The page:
FT reporter Paul McClean dies in Sri Lanka
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Paul McClean, who died on Thursday while on a beach holiday in Sri Lanka, had only been at the Financial Times for two years, but in that short time proved to be an accomplished young reporter with extraordinary promise.
McClean’s body was identified by friends with whom he was travelling and officials who have spoken to them said he is believed to have been attacked by a crocodile. The final cause of death has yet to be established.
“Paul was a natural,” said Lionel Barber, FT editor. “He had charm, curiosity and an attention to detail — the essential ingredients for a top reporter. He was family. We will miss him sorely.”
“Our thoughts are with his family, friends and loved ones,” said James Lamont, the FT’s managing editor. “We are in touch with them, doing all we can to help during this difficult time.”
Mr Lamont described McClean, who was just a month shy of his 25th birthday, as “a talented, energetic and dedicated young journalist” who had “a great career ahead of him at the FT”. At the time of his death he was a member of the fastFT team in London.
In his previous posting to Brussels, McClean established a reputation as a rising star with in-depth exclusives including his revelation that Britain would have to renegotiate no fewer than 759 treaties with 168 countries after its vote to leave the EU. The startling figures were widely followed by other media outlets, including John Oliver’s satirical show, Last Week Tonight.
The story was the result of almost five months of research in which he delved into archives and databases, interviewed lawyers and policymakers and organised his findings in a sweeping spreadsheet for readers to explore.
A keen squash player and football fan — he described himself as a “long-suffering Evertonian” — McClean was tireless when mastering a new beat, investing weeks in understanding aviation issues to produce a groundbreaking piece explaining the implications of Brexit on the sector.
“He was one hell of a reporter if he was on your case,” said Brussels bureau chief Alex Barker, who recalled his tenacious pursuit of International Airlines Group as he tried to pin the company down on the risks posed by Brexit. His reporting on the topic was well ahead not only of other media but also financial analysts following the company.
“Paul was an inspiration to us all in the Brussels bureau, turning out some of the most original, insightful and deeply researched journalism on Brexit since the referendum. He had a rare gift: an eye for hidden stories, writing flair and the charm to make people tell him anything and everything,” Mr Barker recalled.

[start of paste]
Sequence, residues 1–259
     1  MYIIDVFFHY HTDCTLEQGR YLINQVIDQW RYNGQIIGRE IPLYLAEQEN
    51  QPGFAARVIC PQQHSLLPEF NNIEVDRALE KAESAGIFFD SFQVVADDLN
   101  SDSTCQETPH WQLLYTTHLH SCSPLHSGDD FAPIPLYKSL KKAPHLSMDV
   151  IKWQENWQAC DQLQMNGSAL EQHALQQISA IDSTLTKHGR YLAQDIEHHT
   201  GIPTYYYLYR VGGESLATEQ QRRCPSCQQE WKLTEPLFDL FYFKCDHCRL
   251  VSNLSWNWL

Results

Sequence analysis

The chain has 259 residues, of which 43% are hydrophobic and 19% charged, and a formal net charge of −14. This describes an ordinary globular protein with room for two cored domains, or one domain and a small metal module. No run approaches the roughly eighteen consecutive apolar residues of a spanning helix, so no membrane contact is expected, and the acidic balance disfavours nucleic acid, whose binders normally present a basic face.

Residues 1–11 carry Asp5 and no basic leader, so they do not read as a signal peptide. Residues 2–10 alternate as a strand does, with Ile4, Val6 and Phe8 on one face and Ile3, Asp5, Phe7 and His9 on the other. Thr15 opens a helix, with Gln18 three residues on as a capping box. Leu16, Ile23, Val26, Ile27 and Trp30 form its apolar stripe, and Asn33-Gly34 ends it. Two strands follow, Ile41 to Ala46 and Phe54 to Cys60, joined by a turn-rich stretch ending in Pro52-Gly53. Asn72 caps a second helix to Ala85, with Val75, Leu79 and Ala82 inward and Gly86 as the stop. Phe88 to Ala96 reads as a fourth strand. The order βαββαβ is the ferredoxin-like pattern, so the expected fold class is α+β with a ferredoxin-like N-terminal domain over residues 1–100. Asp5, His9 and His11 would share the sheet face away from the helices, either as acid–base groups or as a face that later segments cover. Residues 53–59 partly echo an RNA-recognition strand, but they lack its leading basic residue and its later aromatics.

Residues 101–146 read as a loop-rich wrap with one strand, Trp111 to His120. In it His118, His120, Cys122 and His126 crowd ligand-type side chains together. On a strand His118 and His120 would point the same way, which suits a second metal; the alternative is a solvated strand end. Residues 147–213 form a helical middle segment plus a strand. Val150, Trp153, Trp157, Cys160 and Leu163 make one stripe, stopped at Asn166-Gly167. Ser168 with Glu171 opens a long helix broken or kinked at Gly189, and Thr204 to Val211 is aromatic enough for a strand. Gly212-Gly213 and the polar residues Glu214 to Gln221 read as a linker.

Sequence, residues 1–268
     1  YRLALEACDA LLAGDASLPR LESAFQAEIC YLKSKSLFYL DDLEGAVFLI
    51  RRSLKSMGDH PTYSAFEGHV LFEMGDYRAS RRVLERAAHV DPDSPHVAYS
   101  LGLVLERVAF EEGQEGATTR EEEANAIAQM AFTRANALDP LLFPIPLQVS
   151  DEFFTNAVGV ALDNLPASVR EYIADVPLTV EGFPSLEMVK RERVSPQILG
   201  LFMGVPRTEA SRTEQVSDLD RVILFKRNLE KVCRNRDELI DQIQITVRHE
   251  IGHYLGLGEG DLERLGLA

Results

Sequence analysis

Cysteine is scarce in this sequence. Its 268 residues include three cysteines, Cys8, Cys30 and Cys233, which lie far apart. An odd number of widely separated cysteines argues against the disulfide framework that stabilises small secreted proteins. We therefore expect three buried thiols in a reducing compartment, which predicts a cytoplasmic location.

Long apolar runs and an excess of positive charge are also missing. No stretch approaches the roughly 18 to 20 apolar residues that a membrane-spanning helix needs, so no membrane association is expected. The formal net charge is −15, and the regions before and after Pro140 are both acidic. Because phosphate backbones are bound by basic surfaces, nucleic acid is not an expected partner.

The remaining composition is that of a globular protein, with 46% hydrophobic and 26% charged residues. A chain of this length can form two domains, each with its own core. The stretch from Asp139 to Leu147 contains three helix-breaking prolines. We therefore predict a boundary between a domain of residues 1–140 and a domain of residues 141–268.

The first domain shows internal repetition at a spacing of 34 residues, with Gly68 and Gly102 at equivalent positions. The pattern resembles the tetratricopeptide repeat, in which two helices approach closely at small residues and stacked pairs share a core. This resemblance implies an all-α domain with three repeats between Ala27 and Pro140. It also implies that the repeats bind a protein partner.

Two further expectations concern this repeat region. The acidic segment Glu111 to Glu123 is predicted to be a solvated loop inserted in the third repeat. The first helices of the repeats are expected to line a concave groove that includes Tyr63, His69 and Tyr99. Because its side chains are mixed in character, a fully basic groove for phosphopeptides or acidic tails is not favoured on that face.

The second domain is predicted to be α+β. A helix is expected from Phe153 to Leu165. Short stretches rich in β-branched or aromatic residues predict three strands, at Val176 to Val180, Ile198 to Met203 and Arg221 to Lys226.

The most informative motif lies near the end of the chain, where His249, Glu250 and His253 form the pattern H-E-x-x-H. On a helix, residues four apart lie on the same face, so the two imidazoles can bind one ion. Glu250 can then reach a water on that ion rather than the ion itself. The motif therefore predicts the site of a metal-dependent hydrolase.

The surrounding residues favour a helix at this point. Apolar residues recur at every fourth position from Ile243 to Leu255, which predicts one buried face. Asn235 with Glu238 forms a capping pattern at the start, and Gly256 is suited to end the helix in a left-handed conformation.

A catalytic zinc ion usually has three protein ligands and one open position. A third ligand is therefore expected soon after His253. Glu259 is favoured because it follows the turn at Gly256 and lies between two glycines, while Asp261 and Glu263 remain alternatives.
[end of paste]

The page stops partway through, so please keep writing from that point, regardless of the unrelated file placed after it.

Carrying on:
McClean, who grew up just outside of London in Thames Ditton, Surrey, graduated from Oxford university with a first-class honours degree in French, having spent his year abroad teaching English and translating for local police officers as the only Briton in that part of the rural Ardennes. “A brilliant student”, his old college Lady Margaret Hall, said on Friday, “remembered not only as a gifted linguist but as a friendly, approachable, energetic and inquisitive young man”.
His “magnificent” French helped in his reporting, Mr Barker noted, such as a story about trawlermen in the port of Boulogne, who catch most of their fish in British waters. “He had a fabulous run-in with the National Front man there who supported Brexit but didn't quite grasp what renationalising waters would mean for his home town.”
His most recent story was a richly reported and suitably sparkling blend of context, data and quotes about the threat climate change poses to the champagne industry.
Katie Martin, head of fastFT, described McClean as “a charming young man, witty and warm and keen to learn, with a ready laugh and a knack for self-deprecation. The clichés are true: he lit up a room, and everyone liked him.”
In August he wrote what he called “a correction 103 years too late”, explaining that the Bank of England had belatedly admitted to exaggerating demand for its 1914 war loan, and that the FT had played a part in convincing the public the debt was oversubscribed. The same edition, he observed, “demonstrated a good understanding of the FT’s readership, noting with ‘interest’ and ‘encouragement’ that champagne production had not been affected by the Great War effort.”
McClean’s talent emerged quickly during a stint covering consumer industries. He wrote a superb account of the Brexit campaign waged through anti-EU beer mats in the Wetherspoon pub chain by Tim Martin, its founder. On a tight deadline, Paul crafted a sharply observed and witty story about his pub crawl in the company of Mr Martin.
“He was great company and wrote a very funny article”, Mr Martin told the FT on Friday. “I didn’t realise he was so young, he seemed extremely mature. He was out all day with me but he spoke to a lot of customers as well as me. He was intelligent as well as self effacing.”
“He made journalism look easy,” said Scheherazade Daneshkhu, the FT’s consumer industries editor, “but he was extraordinarily hard-working, stoically accepting every commission given to him, however thankless.”
“He had a disarming charm, a natural intelligence, and a deep curiosity to find out how the world worked,” said John Thornhill, one of the senior FT editors who recruited him (“an easy decision”).
“We are proud that Paul chose to work with us. He represented the best of what we do.”
Here is a video Paul McClean made about the trend of so-called escape room games, in which teams of people are locked in rooms and have to solve puzzles and do other tasks to escape:
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